Texas can continue requiring original “wet” signatures on voter registration applications after a federal court shot down claims by Democrat attorneys that the bipartisan election security measure was unconstitutional and violated civil rights laws.

A three-judge panel of the U.S. Fifth Circuit Court of Appeals ruled last month that requiring applicants to physically sign voter registration forms, creating a “wet” signature instead of simply an electronic signature, fulfills a legitimate state interest in secure elections and does not unduly burden the right to vote.

“Texas’s interest in voter integrity is substantial,” the judges wrote, adding that the state’s interest “relates to the qualifications to vote—are the registrants who they claim to be?”

Because the state’s application form includes the qualifications for voting and penalties for perjury next to the signature line, the court determined that an original signature attesting to the truth of the information provided is “a material requirement.”

“The Fifth Circuit correctly recognized that states have a substantial interest in election integrity and that an original signature requirement is a legitimate way to advance that interest,” said Autumn Hamit Patterson, an attorney with the Texas Public Policy Foundation who helped defend the law in court.

State legislators passed the election law in 2021 with near-unanimous bipartisan support.

The law clarified that applicants who submit a voter registration form by fax must also mail a paper application to their county voter registrar that contains “the voter’s original signature.”

Vote.org, a company that created an online voter registration app, sued election officials in Bexar, Cameron, Dallas, and Travis counties, claiming that the “Wet Signature Rule” violated the Civil Rights Act of 1964 and the U.S. Constitution.

The company was represented by eight attorneys with the law group started by Marc Elias, a longtime lawyer for the Democrat National Committee and Hillary Clinton, who is known for challenging states’ election security laws.

Texas Attorney General Ken Paxton and the voter registrars of Medina and Real counties also joined the lawsuit as intervenor-defendants.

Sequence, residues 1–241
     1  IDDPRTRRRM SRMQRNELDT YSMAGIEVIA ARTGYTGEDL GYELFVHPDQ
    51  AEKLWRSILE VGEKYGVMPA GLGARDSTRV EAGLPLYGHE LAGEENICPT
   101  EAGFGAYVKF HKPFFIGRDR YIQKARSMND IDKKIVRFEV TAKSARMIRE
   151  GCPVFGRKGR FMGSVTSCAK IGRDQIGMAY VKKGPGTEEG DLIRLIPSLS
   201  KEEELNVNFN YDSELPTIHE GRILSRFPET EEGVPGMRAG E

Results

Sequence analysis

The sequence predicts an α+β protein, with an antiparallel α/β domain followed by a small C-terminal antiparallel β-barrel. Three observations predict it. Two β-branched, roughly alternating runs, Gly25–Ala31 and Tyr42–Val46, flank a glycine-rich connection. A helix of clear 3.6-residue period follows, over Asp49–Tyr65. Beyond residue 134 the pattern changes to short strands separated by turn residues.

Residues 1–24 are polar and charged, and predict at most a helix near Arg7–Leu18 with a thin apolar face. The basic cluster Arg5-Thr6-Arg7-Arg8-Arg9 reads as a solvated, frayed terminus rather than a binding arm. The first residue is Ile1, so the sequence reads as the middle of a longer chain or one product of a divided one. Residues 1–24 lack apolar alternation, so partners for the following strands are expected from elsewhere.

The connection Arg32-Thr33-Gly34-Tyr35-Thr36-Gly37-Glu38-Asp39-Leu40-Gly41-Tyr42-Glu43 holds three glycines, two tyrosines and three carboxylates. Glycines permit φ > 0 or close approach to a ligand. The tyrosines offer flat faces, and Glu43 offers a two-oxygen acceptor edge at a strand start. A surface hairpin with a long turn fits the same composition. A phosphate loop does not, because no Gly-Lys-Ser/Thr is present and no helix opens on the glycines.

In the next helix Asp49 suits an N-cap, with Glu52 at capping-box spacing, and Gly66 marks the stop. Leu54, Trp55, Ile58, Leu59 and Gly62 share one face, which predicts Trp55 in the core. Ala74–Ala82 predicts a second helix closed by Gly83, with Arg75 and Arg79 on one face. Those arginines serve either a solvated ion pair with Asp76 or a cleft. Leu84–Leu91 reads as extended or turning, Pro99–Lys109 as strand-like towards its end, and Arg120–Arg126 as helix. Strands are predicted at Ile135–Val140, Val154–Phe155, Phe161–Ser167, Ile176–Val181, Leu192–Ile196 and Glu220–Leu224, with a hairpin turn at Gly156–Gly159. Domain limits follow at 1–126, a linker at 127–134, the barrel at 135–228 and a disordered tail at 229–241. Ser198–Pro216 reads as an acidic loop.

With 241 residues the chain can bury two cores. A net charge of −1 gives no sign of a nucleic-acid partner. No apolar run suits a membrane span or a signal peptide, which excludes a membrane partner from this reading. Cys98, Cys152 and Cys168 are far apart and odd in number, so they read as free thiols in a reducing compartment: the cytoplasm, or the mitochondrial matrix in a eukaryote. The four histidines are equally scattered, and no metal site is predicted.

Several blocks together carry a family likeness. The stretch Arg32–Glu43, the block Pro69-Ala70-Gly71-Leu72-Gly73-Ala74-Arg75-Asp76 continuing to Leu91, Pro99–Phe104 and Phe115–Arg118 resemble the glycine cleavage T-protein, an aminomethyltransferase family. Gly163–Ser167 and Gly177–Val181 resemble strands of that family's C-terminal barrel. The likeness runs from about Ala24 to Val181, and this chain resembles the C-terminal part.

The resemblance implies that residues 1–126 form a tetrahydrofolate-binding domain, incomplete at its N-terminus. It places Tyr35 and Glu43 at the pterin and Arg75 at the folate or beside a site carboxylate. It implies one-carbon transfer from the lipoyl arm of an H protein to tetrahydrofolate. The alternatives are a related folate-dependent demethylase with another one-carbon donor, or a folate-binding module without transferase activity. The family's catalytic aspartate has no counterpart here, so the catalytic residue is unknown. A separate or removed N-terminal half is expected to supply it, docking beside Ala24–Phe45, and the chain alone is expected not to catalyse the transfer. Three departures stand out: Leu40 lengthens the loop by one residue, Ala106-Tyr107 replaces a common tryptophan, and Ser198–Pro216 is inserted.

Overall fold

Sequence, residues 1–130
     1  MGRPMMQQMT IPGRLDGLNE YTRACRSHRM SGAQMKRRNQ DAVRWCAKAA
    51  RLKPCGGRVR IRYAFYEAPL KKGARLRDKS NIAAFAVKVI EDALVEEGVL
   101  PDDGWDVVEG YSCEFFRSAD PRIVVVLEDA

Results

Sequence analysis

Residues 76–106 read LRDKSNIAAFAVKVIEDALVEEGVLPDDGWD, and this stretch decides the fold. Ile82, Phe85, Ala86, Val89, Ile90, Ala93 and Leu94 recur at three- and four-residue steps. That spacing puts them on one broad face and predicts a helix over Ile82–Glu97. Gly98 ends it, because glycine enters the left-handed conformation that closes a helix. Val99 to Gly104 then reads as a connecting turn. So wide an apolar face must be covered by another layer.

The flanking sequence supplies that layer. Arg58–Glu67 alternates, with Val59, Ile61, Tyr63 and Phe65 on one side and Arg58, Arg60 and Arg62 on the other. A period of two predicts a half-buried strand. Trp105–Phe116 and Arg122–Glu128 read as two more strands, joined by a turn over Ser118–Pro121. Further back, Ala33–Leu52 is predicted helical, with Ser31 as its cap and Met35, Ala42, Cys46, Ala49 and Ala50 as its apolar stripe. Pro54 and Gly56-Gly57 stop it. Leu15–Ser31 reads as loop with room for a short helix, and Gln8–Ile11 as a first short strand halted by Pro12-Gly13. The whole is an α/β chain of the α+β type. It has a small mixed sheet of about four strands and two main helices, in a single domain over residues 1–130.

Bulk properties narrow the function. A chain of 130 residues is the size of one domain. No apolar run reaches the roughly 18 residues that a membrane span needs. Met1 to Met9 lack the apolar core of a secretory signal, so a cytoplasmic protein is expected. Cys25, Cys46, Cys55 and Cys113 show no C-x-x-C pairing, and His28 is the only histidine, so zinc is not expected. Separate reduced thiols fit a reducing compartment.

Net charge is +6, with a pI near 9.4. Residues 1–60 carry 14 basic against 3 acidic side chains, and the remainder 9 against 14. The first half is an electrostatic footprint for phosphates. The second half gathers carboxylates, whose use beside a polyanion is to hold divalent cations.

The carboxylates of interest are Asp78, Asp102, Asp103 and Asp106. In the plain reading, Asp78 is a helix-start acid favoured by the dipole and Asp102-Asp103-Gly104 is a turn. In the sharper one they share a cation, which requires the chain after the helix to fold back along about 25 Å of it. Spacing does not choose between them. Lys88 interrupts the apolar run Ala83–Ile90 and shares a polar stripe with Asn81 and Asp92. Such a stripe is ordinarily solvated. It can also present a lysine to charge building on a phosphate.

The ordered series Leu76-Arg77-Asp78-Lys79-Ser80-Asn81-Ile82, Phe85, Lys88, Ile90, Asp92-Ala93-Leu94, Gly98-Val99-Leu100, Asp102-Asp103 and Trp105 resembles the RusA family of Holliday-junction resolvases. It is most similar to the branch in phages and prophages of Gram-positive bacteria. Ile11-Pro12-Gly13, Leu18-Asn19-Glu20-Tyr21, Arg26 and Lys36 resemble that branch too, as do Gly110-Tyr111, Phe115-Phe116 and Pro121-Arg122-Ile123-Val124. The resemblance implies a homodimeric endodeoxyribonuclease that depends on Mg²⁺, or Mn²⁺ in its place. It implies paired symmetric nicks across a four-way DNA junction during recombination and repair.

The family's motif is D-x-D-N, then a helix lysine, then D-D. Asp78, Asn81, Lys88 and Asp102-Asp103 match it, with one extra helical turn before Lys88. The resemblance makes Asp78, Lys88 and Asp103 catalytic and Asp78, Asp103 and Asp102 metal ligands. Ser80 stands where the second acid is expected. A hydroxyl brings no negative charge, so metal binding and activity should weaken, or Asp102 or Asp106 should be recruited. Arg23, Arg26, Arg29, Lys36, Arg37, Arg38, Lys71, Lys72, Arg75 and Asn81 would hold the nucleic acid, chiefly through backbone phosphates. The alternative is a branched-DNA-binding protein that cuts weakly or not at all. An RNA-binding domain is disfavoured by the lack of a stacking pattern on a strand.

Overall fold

A federal district judge sided with Elias and his plaintiff, blocking enforcement of the signature requirement.

None of the original four defendants appealed, suggesting Elias may have chosen to sue county officials who he believed agreed with Vote.org’s position. Lawsuits in which the parties are not actually in disagreement but are acting to steer the court towards some agreed-upon conclusion are known as “collusive suits.”

Paxton did appeal, along with the two intervenor counties.

The Fifth Circuit then reversed the lower court’s ruling, concluding that “Texas’s interests in ensuring reliability and reducing fraud are ‘sufficiently weighty’ to protect the Wet Signature Rule from constitutional attack.”

Other Democrat challenges to Texas election security laws are still pending in federal courts.

In August, a federal district court judge said Texas can’t reject mail-in ballots with the wrong voter ID, ruling that a 2021 law requiring voter ID numbers on mail ballots violated the Civil Rights Act.

The voter ID requirement was enacted as part of a comprehensive election security measure known as Senate Bill 1. Other portions of SB 1, relating to voter assistance and paid ballot harvesting, are also being challenged by left-leaning groups. The case was in court last fall before the same district judge who ruled against voter ID. More arguments are set for February.

In December, Texas Democrats petitioned the U.S. Supreme Court to overturn state law and force Texas to let everyone vote by mail, a process more vulnerable to fraud and abuse than in-person voting.

Last year, state lawmakers passed just a handful of measures to protect Texas elections. A special session to address election security issues failed to materialize in 2023.

Erin Anderson

Erin Anderson is a Senior Journalist for Texas Scorecard, reporting on state and local issues, events, and government actions that impact people in communities throughout Texas and the DFW Metroplex. A native Texan, Erin grew up in the Houston area and now lives in Collin County.